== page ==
World

Food wasted in China can
feed 200m people

During the famine years in the late 1950s, children ate coal to fill their bellies, wrote Chinese Nobel Prize for Literature winner Mo Yan in his novel "Frog".

These days, though, many Chinese have forgotten what it is like to be hungry - restaurants and households throw out an estimated 60 million tons of food a year, enough to feed 200 million people, or 15 per cent of China's population.

It is no wonder China's grain authorities urged people to fast in the run-up to World Food Day yesterday.

One person taking the lead was Shu Gang, head of the Chengdu grain administration in Sichuan, south-west China.

"Many young people have no sense of starvation. Fasting can awaken people's memory of it," he told local media.

Indeed, many have forgotten the Great Leap Forward campaign, from 1958 to 1961, when an estimated 30 million Chinese died because of the Communist Party's failed industrialization plan.

Today, China is not only producing enough for itself but also one of the world's biggest food donors.

But it is also throwing more food away. China's food refuse has grown yearly, by 5 to 10 per cent in recent years, said environmental scientist Ren Lianhai from the Beijing Technology and Business University. He added that the amount has increased as China becomes more urbanized and living standards improve.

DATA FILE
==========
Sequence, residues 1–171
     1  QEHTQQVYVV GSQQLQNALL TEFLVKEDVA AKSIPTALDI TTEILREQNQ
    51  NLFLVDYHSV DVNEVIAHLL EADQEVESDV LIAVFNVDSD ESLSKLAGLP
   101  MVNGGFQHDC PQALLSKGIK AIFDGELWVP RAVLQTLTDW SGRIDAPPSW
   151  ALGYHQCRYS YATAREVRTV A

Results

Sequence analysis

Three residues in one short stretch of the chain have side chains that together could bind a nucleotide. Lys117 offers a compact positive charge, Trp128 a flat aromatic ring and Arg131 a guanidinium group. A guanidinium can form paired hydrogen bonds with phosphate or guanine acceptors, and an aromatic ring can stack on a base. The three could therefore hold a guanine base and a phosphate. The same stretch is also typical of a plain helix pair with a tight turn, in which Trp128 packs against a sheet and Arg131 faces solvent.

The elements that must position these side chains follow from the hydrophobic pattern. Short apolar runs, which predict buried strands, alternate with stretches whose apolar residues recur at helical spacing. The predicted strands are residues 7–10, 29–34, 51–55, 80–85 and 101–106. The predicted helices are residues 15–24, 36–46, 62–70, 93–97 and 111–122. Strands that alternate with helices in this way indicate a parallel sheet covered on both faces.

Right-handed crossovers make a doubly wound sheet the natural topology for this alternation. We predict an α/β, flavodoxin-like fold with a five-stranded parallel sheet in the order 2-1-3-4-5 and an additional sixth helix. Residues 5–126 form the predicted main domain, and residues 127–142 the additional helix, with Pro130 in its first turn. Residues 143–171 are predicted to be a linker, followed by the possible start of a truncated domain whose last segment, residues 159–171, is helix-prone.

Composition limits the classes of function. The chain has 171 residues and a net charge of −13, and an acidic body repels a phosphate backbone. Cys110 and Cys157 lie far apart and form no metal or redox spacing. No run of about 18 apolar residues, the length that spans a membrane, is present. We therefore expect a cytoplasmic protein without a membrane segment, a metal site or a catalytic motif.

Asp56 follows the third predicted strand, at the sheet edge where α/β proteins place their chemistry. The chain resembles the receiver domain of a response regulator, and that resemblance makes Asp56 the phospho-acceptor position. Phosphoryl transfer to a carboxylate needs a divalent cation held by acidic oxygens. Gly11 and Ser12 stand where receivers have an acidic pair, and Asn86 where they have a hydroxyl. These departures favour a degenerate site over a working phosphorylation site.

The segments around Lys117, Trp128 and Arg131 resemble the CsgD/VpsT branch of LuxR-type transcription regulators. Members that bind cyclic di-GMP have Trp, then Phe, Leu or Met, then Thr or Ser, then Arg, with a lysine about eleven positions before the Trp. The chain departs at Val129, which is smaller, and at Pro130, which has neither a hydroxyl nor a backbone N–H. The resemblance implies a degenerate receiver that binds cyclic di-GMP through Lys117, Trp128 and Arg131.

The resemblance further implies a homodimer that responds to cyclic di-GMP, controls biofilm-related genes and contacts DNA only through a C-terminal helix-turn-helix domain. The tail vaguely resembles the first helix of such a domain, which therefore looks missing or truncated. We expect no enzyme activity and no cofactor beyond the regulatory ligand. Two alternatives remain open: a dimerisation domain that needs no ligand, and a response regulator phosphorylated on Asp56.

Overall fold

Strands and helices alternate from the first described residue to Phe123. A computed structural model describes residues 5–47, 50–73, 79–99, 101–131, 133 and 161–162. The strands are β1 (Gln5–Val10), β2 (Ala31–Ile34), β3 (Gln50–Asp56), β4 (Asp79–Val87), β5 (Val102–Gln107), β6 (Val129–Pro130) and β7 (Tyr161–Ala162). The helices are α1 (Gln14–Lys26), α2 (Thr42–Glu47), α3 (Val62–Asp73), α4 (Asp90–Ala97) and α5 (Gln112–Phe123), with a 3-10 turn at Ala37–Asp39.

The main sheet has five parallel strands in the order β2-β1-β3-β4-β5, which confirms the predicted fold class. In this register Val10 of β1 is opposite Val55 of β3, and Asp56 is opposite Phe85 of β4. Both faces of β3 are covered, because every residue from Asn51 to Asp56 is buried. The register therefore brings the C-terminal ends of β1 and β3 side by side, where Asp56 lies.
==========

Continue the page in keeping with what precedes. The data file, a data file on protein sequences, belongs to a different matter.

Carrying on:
For years, cities like Beijing and Shanghai have stressed the importance of conserving food, with little success.

Many staff canteens also post notices exhorting people to take only what they can eat. In Beijing's Easy Home Office Tower cafeteria, which sees a lunchtime crowd of about 600, nearly 150kg worth of rice, meat, vegetables and barely eaten buns are left behind daily. "This is still considered okay, not too serious," said chief cook Xing Dongqing.

But Dr Ren said the wasting of food is more serious in China than in other countries, given Chinese eating habits. "They tend to eat together and don't usually finish all the food. This is especially if someone is giving a treat. The host feels a loss of face if no food is left," he said.

Even as so much food gets thrown away, many children in impoverished corners of China still do not get enough to eat.

Just last year, Beijing approved a plan to set aside 16 billion Yuan (US$2.54 billion) a year to provide lunches for 26 million schoolchildren in the countryside.

The discarded food has also created a headache for the authorities, due to the lack of processing plants. In Beijing, for example, about 13,500 tons of food waste are produced daily by households and restaurants, but the capital can process only 800 tons a day. While food waste traditionally ends up as livestock feed, there are growing calls for it to be treated first to prevent the spread of diseases. Food waste in China is also oilier compared with that elsewhere, and so, harder to process.

Ultimately, consumers should order only what they can eat, while restaurants should sort out food garbage for easier recycling. "They need to have a sense of social responsibility," Dr Ren said.

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